In an earlier blog, we told you about three Americans with Disabilities Act (ADA) lawsuits that could affect your bank website in the future. International law firm Seyfarth Shaw projects a total of 2,408 ADA website accessibility lawsuits will be filed by the end of 2019, a 7% increase compared to 2018. In fact, in the first half of 2019, almost 22% of all federal ADA Title III lawsuits filed were web accessibility cases.
Most of the ADA compliance lawsuits against financial institutions are legitimate, necessary claims disabled people have filed when websites are difficult or impossible for them to use. However, several attorneys are using this as an opportunity to profit off of others’ misfortunes.
Creating litigation for financial gain is barratry, and it’s illegal in all states. Regardless, ambulance chasers continue to deliberately find banks and credit unions to target with web accessibility lawsuits. In this blog, you’ll learn how ambulance chasers operate, and we’ll tell you about three attorneys and law firms renown for ADA litigation.
In an interview with Fortune magazine, attorney Thomas Barton of law firm Drinker Biddle & Reath LLP calls the onslaught of web accessibility cases “a cottage industry.” He explains how unscrupulous attorneys often run readily available online accessibility tests, such as WAVE, on business websites to find an easy mark.
The New York Times reports that once a business is targeted, attorneys recruit plaintiffs from advocacy groups for disabled people. Other times, a plaintiff hires counsel with a valid claim against a specific business. The attorney may then use the same plaintiff to file claims against multiple businesses.
Litigation begins with sending a demand letter to the business, alleging it does not have an ADA-compliant website. The business can ignore the letter and fight the complaint in court. The alternative is for the business to correct the allegations and modify its website to meet ADA requirements. The business then responds to the letter, outlining the actions taken and usually pays a settlement to avoid going to trial.
While the plaintiff may receive a few hundred dollars from the payout, the attorney often collects thousands for his or her fees. The Wall Street Journal reports, “Most [businesses] settle quickly, for between $10,000 and $75,000…with the money typically going toward plaintiff’s fees and expenses.”
Juan Carlos Gil was the plaintiff in what is believed to be the first web accessibility lawsuit: Juan Carlos Gil v. Winn-Dixie Stores Inc. Gil, who was born with cerebral palsy and is confined to a wheelchair and legally blind, claimed he couldn’t fill prescriptions and download coupons on the grocery store’s website using his screen reader. The court ruled in his favor. As of November 2018, Gil and his lawyer, Scott Dinin, have filed 175 lawsuits against businesses and government agencies for web accessibility infractions.
Gil isn’t Dinin’s only client. Seyfarth Shaw says that in 2018, Alexander Johnson was the plaintiff in 50 of the 251 federal lawsuits Dinin filed. As of August of this year, Dinin has represented Johnson in 24 of 177 cases.
Also in August, U.S. District Judge Paul Huck discovered Dinin had paid Johnson more than $84,500 from 2016 to 2018 for being a plaintiff in his ADA lawsuits. The judge called the cases “frivolous” and “done without regard to the interests of those with disabilities.” In addition to ordering both men to pay a court-imposed penalty, Huck prohibited them from filing further ADA complaints in any state or federal court without permission and ordered the Florida Bar to investigate Dinin for misconduct in all his ADA cases.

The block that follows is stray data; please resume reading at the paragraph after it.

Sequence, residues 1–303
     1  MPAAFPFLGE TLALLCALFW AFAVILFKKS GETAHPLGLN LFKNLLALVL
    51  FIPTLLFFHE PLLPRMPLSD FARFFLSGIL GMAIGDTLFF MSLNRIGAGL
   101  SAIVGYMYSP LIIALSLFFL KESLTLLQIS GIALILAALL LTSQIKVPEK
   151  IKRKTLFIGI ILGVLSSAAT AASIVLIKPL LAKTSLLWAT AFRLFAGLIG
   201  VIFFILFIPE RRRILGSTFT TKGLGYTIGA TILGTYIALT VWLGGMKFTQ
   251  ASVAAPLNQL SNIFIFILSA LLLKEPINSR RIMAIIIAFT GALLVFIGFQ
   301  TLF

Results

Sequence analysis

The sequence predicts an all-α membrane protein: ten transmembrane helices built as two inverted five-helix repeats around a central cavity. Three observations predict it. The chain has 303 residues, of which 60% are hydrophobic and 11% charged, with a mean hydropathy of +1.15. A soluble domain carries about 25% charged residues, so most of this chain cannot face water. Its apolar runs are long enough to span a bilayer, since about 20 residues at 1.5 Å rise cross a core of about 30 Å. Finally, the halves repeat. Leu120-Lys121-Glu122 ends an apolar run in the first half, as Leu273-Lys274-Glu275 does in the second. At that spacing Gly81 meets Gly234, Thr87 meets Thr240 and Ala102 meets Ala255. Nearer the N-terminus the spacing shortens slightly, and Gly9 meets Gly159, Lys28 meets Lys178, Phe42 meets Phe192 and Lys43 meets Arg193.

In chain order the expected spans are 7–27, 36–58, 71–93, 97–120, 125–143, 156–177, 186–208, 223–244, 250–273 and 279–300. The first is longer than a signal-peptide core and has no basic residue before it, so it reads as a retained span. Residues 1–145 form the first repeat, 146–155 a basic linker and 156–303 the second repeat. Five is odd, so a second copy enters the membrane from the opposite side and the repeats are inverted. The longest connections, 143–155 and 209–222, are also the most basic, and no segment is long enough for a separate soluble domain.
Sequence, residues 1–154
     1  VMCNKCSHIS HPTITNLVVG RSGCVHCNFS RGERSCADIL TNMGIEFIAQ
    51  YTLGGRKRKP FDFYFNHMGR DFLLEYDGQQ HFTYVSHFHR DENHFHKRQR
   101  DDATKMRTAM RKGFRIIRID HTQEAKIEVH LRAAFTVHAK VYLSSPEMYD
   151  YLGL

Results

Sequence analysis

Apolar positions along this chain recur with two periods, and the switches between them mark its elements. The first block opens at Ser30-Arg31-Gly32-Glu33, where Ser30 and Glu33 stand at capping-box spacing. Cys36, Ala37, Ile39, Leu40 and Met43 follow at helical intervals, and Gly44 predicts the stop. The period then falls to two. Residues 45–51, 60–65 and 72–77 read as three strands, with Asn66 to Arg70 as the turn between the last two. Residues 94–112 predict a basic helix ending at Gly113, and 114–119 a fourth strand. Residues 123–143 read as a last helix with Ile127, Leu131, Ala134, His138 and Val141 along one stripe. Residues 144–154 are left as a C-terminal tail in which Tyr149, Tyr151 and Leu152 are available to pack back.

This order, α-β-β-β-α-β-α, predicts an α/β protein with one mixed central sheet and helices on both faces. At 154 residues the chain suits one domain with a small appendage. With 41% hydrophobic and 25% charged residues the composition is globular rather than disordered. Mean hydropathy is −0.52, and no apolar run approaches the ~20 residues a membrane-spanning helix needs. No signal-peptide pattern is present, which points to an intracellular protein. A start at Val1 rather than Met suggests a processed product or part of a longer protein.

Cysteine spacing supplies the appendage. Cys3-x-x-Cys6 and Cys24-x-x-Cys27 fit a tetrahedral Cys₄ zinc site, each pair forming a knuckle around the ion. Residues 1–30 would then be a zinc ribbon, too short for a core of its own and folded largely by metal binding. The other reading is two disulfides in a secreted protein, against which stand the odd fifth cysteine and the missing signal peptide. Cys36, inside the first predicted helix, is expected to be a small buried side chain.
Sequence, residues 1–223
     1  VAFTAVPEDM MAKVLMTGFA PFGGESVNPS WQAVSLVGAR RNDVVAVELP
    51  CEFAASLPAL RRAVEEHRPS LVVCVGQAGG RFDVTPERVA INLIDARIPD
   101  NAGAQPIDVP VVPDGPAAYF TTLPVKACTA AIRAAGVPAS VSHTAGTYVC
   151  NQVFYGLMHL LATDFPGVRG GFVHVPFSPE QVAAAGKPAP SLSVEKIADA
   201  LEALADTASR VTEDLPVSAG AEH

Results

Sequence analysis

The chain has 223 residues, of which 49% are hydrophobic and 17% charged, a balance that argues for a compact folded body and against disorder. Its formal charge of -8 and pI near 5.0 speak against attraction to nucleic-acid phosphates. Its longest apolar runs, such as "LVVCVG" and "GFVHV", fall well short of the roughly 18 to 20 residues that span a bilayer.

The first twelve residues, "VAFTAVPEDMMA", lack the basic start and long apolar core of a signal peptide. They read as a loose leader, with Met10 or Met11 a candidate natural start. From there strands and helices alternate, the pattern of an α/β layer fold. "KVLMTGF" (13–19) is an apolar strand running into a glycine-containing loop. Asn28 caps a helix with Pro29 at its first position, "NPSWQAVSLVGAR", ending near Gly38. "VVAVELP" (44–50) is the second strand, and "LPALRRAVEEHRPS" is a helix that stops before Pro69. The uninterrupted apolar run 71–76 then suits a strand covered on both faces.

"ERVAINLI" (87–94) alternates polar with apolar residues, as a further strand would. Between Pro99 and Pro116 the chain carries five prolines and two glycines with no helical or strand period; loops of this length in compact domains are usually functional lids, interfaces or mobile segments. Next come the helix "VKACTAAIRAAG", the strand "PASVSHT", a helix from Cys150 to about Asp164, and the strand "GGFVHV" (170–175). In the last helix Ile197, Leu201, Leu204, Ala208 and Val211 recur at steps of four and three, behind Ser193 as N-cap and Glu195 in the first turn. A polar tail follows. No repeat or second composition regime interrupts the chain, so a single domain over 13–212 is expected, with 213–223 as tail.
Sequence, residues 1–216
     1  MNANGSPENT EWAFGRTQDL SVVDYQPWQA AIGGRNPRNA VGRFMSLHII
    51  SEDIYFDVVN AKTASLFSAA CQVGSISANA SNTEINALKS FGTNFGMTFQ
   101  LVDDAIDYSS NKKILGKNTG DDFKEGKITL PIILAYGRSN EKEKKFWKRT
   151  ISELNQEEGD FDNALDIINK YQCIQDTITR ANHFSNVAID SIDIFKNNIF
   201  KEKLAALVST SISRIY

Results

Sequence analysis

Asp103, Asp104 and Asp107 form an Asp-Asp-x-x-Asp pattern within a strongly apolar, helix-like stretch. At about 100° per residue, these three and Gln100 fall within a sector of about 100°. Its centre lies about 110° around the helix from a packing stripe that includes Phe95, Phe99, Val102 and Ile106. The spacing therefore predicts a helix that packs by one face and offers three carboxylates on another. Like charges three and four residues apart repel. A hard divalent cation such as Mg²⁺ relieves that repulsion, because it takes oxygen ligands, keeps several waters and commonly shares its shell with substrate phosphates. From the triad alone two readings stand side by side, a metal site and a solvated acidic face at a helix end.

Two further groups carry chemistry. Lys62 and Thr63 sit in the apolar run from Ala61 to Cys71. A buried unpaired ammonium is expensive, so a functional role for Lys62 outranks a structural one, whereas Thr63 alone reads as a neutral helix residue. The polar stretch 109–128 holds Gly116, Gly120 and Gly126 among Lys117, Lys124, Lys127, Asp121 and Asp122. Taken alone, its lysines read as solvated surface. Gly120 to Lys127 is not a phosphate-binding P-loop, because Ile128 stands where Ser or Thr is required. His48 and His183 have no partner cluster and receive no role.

According to KXAN News in Austin, Texas, Attorney Omar Rosales filed more than 380 federal ADA violation cases in 2015 and 2016 for plaintiff John Deutsch. In 2017, the Texas State Bar’s Commission for Lawyer Discipline suspended Rosales from practicing law in the Federal Western District of Texas for three years. The Bar accused him of misconduct for sending demand letters to healthcare providers across the state for having non-compliant websites and demanding $2,000 to settle. This August, the State of New York suspended Rosales for three years related to the Texas misconduct charges.
Carlson Lynch Sweet & Kilpela LLP
Since the Department of Justice removed website accessibility regulation from its agenda in December 2017, the number of ADA demand letters and lawsuits has continued to increase. The American Bankers Association’s (ABA) Banking Journal attributes this increase to the law firm Carlson Lynch Sweet & Kilpela LLP. The firm, which describes itself as the “go-to counsel” for disabled plaintiffs, began sending demand letters to banks for not having ADA-compliant websites and filed around 40 web accessibility cases in 2016 alone. The firm continues to file ADA lawsuits around the country.
The best way to safeguard yourself from being targeted by these and other ruthless attorneys is to ensure your bank website meets the Web Content Accessibility Guidelines (WCAG) requirements for ADA compliance. BankSITE® Services suggests you test your site using AudioEye’s free testing tool.
If you discover accessibility issues on your bank website or have the misfortune of receiving a demand letter for web accessibility, BankSITE® Services, along with its AudioEye, can ensure your site is certified ADA-compliant practically overnight.